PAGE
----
Readers please be advised this article mentions acts of intimate partner violence against First Nations people.
Indigenous women are eight times more likely than non-Indigenous women to be murdered, according to national statistics. Figures compiled by the Australian Institute of Criminology show a significant proportion of these are attributable to intimate partner violence.
I conducted a study, published this week, that examined the deaths of 151 Indigenous women and girls from across Australia over a 20-year period beginning in 2000. Almost all of these women and girls were subjected to intimate partner violence, whether at the hands of their husband or de facto spouse (72.2%), boyfriend (15.9%) or ex-partner (5.9%). The offenders were both Indigenous and non-Indigenous people.
While these statistics paint a grim picture, they provide little insight into the full extent of the violence experienced, and its impact on women, children and families. Their stories, unfortunately, become muted in the numbers.
My research also revealed that in almost all of these instances, Indigenous women experiencing intimate partner violence had engaged with police to help them in their situations. However, a lot of women did not receive the support that potentially could have saved their lives.
The women being lost behind the numbers
The people subjected to violence in the cases we investigated had died, so we relied heavily on coronial records. These records provided insight into their experiences of violence in the period leading up to and including their deaths.
We found the average age of Indigenous women who died from intimate partner violence was 35. The youngest was in her teens and the oldest was in her 60s.
These records also provide graphic details of the nature of these deaths, leaving little doubt as to the suffering the women endured.
Of those women whose stories we studied, 61.6% died from blunt force trauma assaults that went on for hours. The offenders used not only their bodies to inflict injury, but also whatever was at their disposal, such as rocks, pieces of concrete, fence palings and pieces of furniture.
The significance of this finding is that it speaks to the possibility of witnesses (other household members, neighbours, passersby) having the opportunity to intervene by calling 000 on behalf of the victim. Certainly there was evidence of this in the cases we examined.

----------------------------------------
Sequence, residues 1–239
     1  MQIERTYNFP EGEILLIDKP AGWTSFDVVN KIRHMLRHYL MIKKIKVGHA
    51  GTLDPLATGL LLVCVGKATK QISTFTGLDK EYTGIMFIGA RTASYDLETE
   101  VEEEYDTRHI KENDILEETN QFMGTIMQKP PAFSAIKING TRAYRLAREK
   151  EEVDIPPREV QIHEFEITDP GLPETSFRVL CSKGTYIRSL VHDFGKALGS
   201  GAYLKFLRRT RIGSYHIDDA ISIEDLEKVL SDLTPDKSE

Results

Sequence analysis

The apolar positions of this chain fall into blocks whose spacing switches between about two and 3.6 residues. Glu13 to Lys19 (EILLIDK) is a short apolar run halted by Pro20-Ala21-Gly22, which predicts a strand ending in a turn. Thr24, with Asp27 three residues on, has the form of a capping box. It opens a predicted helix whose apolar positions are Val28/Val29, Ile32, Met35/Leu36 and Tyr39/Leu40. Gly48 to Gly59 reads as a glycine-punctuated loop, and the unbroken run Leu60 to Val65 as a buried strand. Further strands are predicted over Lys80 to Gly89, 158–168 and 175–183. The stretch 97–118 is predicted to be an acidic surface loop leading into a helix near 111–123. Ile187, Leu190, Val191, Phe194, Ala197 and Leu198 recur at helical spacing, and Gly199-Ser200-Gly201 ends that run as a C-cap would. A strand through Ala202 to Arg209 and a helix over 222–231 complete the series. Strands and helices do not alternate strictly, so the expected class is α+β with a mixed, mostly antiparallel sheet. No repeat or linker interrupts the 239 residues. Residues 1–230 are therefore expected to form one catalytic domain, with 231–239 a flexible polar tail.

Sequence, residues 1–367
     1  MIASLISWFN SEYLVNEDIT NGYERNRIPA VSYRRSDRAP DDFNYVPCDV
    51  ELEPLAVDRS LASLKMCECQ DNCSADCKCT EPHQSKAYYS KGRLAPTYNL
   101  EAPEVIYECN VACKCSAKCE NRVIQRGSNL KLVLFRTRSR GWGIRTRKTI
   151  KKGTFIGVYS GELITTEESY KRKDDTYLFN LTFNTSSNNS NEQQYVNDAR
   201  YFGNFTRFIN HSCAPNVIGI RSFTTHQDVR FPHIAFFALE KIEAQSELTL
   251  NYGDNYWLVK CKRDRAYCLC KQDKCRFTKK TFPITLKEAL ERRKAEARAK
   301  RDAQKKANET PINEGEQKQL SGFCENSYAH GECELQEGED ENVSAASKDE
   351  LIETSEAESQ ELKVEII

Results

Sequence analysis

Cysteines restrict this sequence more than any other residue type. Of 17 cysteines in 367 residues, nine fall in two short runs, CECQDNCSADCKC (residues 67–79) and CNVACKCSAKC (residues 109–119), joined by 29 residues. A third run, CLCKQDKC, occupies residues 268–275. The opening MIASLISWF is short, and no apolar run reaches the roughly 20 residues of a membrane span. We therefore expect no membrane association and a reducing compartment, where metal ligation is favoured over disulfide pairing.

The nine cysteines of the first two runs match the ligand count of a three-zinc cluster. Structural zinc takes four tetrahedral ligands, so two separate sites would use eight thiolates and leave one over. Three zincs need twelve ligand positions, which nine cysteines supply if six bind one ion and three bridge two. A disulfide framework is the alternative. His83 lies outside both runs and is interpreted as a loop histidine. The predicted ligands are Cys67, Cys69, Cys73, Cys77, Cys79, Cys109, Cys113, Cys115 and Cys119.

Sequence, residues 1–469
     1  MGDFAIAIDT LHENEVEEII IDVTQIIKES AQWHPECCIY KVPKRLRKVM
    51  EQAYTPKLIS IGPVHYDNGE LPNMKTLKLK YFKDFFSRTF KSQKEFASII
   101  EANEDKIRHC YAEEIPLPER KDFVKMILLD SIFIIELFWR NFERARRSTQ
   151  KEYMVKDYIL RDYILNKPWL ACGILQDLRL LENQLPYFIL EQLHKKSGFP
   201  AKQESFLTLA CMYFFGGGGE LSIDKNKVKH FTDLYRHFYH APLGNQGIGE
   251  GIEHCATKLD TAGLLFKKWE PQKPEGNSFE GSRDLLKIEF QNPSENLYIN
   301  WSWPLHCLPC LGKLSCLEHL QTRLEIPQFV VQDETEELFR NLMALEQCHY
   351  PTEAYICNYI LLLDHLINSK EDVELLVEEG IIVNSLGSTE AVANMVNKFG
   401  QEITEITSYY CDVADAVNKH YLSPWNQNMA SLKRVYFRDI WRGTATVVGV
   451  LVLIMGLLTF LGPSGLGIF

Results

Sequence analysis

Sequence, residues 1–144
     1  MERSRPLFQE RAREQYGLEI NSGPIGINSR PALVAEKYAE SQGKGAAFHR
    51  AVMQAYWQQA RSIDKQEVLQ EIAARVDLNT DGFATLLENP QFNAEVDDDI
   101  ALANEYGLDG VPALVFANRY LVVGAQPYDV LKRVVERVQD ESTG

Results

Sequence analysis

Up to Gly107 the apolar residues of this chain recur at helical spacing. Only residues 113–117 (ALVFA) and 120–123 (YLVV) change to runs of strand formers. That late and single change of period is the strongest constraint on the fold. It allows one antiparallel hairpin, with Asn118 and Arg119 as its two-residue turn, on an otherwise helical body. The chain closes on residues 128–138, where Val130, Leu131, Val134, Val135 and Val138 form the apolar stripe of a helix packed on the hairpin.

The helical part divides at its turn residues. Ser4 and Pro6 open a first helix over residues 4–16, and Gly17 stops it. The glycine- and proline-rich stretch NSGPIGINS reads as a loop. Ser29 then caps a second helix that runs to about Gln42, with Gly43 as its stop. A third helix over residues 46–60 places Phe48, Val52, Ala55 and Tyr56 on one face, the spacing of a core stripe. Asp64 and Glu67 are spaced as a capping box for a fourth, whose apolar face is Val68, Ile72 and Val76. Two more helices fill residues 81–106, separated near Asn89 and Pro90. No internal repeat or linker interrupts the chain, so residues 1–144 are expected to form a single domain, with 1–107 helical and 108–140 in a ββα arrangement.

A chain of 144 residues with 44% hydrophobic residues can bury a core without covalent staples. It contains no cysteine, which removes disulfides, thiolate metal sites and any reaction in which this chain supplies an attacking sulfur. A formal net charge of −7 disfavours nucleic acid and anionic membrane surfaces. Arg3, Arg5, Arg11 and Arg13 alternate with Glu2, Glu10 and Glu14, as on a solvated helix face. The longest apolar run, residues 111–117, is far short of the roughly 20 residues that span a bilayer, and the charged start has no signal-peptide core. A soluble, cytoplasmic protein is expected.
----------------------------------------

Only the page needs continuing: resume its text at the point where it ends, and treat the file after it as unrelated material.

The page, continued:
At the time of writing, 106 offenders among the 151 cases have been held accountable through the justice system for the deaths of these women. However, it should be noted not all were convicted of murder or manslaughter.
We know from the case files that 41.7% of the cases we investigated are mothers. Seven of the women were also pregnant at the time of their deaths.
The records also show 25% of these women’s children witnessed violence in the home, potentially including the murder itself. This finding is important, as it reinforces the need for trauma-informed care for children in these situations.
Police involvement – or lack thereof
It takes immense courage for our women to reach out for support, with many having to weigh up the risks and benefits of reporting the violence to police.
For example, a domestic violence report to police now means mandatory reporting to child protection services for those who have children. This fear is due to First Nations people being disproportionately affected by child protection services, with 42.2% of children in out-of-home care being Aboriginal and Torres Strait Islander.
Indigenous women have also been arrested when they have called for help, either through being misidentified as the perpetrator, or due to other matters such as overdue fines.